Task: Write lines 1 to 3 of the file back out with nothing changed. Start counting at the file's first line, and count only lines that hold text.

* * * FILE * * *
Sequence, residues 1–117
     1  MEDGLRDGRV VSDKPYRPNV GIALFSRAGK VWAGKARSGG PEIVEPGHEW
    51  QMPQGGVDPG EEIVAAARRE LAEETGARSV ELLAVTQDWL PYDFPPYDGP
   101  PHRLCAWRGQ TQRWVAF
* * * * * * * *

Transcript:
Sequence, residues 1–117
     1  MEDGLRDGRV VSDKPYRPNV GIALFSRAGK VWAGKARSGG PEIVEPGHEW
    51  QMPQGGVDPG EEIVAAARRE LAEETGARSV ELLAVTQDWL PYDFPPYDGP